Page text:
February 22, 2012
Steel/precast concrete system helps beat the elements in Edmonton Alta.
Winter can be a bear in Canada. Just ask any builder.
When outdoor temperatures plummet construction slows or worse - it grinds to a halt.
But improvements over the years in cold-weather building technology and materials have opened up opportunities for builders in cold snaps.
A case in point is in Edmonton, where an unusual steel/precast concrete system is being used to construct an eight-storey, 178,000-square-foot Courtyard Marriott at the Edmonton International Airport.
The building consists of a structural steel system, combined with precast concrete hollow core floor/roof slabs.
The hybrid system allows for construction in cold-weather conditions that would delay conventional cast-in-place concrete construction methods, said Peter Timler, vice-president of engineering, Supreme Group, the parent company to Supreme Steel Edmonton, the steel contractor for the Marriott.
Called the Girder-Slab System (GS), it is the first time it has been used in Canada.
Proponents see it as an alternative to cast-in-place concrete in conventional construction of midrise towers of four storeys or taller.
GS is new to Canada, but in the U.S. almost 100 midrise residential buildings have been constructed since 2004 with the system.
GS is produced by New Jersey-based Girder-Slab Technologies.
Originally, the Edmonton Marriott hotel design was conceived as a cast-in-place concrete structure.
Supreme, however, showed the benefits of the encased steel floor frame within composite precast planking for gravity loading support, said Timler.
“The interesting part of the integrated design approach was that we managed the structural information. We modelled it, we managed it and we vetted it with the structural engineer (Williams Engineering Canada Inc.) who remained responsible for the structure,” explained Timler.
“It was a very collaborative approach that allowed us to get the design done in a very short time without any hitches.”
Timler said that even the elevator and stair core for the building – typically done in cast-in-place concrete – was specified in structural steel to allow for a quicker construction schedule over winter.
The GS system consists of a modified wide-flange section that accepts hollow-core planking on the bottom flange.
Web openings in the steel D-beam allow for the hollow-core elements to be “stitched through” the steel for grouting and rebar, he explained.
Precast hollow-core slabs for the job are being supplied by Armtec, of Richmond, B.C.
The benefits of GS go beyond cold-weather applications, explained Timler.
Fewer trades are required, for example.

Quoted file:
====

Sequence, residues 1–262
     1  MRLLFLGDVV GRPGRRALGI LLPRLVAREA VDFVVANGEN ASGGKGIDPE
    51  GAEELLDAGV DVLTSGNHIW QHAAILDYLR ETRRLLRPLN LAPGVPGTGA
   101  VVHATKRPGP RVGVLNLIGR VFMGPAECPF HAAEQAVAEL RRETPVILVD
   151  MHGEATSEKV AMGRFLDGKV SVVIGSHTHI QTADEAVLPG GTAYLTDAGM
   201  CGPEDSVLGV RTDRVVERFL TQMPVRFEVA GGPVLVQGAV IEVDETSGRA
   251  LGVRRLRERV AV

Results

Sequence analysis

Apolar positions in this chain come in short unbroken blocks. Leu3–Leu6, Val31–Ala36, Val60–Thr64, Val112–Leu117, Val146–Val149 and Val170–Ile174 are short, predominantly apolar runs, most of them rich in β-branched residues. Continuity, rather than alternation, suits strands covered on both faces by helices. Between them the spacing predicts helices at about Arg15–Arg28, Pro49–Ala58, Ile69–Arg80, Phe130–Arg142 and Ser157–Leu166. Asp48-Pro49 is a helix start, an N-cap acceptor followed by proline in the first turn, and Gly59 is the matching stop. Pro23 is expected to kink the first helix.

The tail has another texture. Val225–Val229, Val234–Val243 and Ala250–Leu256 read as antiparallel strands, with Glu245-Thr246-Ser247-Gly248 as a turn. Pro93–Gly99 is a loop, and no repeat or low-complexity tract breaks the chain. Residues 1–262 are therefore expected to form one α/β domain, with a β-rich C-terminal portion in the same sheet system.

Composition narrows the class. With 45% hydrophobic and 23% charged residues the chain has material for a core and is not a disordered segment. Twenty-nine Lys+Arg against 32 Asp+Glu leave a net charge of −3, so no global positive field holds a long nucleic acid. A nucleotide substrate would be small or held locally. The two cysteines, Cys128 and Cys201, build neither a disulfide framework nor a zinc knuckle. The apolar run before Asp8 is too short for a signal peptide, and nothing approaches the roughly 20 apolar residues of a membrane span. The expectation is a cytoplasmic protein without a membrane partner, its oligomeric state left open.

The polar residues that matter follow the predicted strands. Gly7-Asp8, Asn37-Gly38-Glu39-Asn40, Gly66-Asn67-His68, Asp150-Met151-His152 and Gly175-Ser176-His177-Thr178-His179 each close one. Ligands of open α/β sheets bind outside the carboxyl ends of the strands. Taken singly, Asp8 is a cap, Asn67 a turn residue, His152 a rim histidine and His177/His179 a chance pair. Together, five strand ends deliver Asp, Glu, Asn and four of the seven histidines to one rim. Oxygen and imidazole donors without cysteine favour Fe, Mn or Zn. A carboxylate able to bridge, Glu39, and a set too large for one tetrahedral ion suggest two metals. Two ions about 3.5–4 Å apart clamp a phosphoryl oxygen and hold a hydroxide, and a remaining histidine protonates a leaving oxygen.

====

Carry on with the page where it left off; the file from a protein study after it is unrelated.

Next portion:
The steel and hollow-core erection only requires ironworkers.
Conventional construction would call for multiple trades, including trades for the structure, deck, rebar, concrete placement and floor finishing, he said.
“Girder-Slab could add a 25 per cent time savings,” Timler said.
He noted that Supreme’s calculations indicate that on some two-year cast-in-place concrete projects, GS could shave six months off build out.
GS has other attributes.
It offers builders a safe working platform once planking is down.
What’s more, the shoring required on each floor in cast-in-place construction isn’t required, he said.
“That allows follow-up trades to come on site much sooner.”
The GS system is also cost-competitive with conventional construction and will probably save an owner money over cast-in-place concrete at the Marriott, the engineer pointed out.
No special training is required for installation of Girder-Slab, but the steel contractor must accept more responsibility (not just fabrication and erection) for the project.
“The contractor has to look at the supply of the hollow-core slab and the grouting process,” he said.
Timler said the economic downturn in 2008 that slammed the U.S. residential market slowed the spread of Girder-Slab construction.
“We were into the millions of square feet of various projects moving ahead when the downturn happened and they all got pulled back,” he said.
Daniel G. Fisher, Sr. managing partner, Girder-Slab Technologies, said he sees the Marriott project in Edmonton as seminal.
“It is a tremendous opportunity to introduce owners and builders first hand to the benefits of structural steel and precast hollow-core slabs for multi-storey residential construction,” he said.
Structural steel and precast concrete require a small crew of ironworkers to quickly erect the structure and continue work despite freezing temperatures, he added.
Cast-in-place concrete is still the simplest way for an architect to design a multi-storey residence.
“It gives the architect flexibility to place the columns where he likes,” he said.
But, hybrid systems like Girder-Slab are catching on in the U.S. because they are less expensive and quick to erect, Fisher added.
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